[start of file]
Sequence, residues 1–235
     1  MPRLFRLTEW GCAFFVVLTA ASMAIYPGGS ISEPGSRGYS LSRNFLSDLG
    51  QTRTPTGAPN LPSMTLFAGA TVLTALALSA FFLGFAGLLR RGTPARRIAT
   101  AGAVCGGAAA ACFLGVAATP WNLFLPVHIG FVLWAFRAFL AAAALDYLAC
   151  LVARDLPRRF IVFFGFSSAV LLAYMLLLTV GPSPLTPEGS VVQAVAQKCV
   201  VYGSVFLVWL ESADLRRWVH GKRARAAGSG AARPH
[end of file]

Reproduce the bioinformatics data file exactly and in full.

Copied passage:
Sequence, residues 1–235
     1  MPRLFRLTEW GCAFFVVLTA ASMAIYPGGS ISEPGSRGYS LSRNFLSDLG
    51  QTRTPTGAPN LPSMTLFAGA TVLTALALSA FFLGFAGLLR RGTPARRIAT
   101  AGAVCGGAAA ACFLGVAATP WNLFLPVHIG FVLWAFRAFL AAAALDYLAC
   151  LVARDLPRRF IVFFGFSSAV LLAYMLLLTV GPSPLTPEGS VVQAVAQKCV
   201  VYGSVFLVWL ESADLRRWVH GKRARAAGSG AARPH